Colombia Drug Gangs, Armed Groups Are Killing Pandemic Lockdown Violators, Human Rights Watch Says. Armed groups tied to drug trafficking organizations have enforced their own lockdown orders and killed people who didn't comply, according to a new report from Human Rights Watch. The group has documented at least nine killings for breaking social distancing orders since April, as well as documented examples of armed groups threatening and attacking people who breaks the groups' lockdown rules. "In communities across Colombia, armed groups have violently enforced their own measures to prevent the spread of Covid-19," José Miguel Vivanco, Americas director at Human Rights Watch, said in the report released Wednesday. "This abusive social control reflects the government's long-standing failure to establish a meaningful state presence in remote areas of the country, including to protect at-risk populations."

Mexico's Toll of Disappeared Rises Again. The number of people who have been "disappeared" in the prohibition-related violence ripping through Mexico has officially risen to 73,201, up from 61,000 in January. The vast majority of the disappearances have come since 2006, when the contemporary Mexican "war on drugs" began. In that same period, authorities have unearthed nearly 4,000 clandestine graves, with 6,625 bodies recovered.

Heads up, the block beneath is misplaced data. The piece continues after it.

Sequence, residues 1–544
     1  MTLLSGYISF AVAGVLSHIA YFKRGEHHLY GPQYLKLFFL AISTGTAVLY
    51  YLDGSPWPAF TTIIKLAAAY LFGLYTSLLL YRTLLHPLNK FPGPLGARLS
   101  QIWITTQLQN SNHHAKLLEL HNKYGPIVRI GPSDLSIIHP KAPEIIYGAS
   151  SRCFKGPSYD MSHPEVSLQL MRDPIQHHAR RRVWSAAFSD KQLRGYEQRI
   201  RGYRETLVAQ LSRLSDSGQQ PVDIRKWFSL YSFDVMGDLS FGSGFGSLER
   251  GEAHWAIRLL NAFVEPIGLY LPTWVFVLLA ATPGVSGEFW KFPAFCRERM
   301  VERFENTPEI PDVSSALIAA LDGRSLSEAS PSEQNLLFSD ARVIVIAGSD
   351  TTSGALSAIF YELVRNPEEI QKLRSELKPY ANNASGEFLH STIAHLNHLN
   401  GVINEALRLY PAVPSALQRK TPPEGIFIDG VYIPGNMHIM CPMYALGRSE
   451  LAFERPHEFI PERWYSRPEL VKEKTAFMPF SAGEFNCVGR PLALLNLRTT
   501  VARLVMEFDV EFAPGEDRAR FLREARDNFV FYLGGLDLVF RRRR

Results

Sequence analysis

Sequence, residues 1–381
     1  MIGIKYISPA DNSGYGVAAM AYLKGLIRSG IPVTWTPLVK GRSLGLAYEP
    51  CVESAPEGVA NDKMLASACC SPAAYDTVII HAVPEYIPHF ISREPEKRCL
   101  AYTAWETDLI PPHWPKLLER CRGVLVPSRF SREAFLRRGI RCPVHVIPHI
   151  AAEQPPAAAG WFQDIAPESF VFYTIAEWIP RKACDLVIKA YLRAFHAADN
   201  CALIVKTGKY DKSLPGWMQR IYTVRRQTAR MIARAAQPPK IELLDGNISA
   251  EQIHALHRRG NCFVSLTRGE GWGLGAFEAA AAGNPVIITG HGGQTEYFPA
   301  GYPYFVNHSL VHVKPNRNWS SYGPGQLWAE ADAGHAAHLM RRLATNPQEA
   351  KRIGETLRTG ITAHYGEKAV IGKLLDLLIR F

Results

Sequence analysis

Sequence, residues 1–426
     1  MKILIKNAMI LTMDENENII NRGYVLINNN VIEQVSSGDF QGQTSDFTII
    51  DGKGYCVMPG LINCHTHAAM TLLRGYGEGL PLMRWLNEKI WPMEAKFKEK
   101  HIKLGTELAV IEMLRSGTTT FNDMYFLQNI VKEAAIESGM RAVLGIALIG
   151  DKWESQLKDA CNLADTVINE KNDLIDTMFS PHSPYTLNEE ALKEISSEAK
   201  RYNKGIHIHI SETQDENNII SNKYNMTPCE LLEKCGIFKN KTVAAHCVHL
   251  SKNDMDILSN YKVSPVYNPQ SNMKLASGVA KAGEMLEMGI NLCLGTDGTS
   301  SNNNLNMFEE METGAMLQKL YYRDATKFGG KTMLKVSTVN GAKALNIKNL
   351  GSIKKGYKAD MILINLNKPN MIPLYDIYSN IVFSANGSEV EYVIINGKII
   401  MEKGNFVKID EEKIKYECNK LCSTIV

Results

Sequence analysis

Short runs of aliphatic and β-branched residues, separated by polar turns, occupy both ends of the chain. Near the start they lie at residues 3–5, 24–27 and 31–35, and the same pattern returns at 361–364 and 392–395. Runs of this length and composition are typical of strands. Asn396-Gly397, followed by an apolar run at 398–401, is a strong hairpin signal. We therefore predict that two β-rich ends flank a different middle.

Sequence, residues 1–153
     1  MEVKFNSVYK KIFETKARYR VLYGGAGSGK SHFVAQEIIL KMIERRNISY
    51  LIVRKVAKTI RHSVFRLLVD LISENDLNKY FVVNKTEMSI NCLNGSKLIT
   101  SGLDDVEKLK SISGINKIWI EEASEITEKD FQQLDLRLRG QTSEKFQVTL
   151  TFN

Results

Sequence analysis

ID MedMJ Initiative Campaign Threatens to Sue Over Signature-Gathering, Colombia to Spray Coca Crops, More... (7/14/20)

The Idaho Cannabis Coalition threatens to sue if state officials don't allow it to use electronic signature-gathering in the midst of the pandemic, a drug testing lab reports spikes in the use of four illicit drugs during the pandemic, and more.

Colombian coca grower (DEA)
Medical Marijuana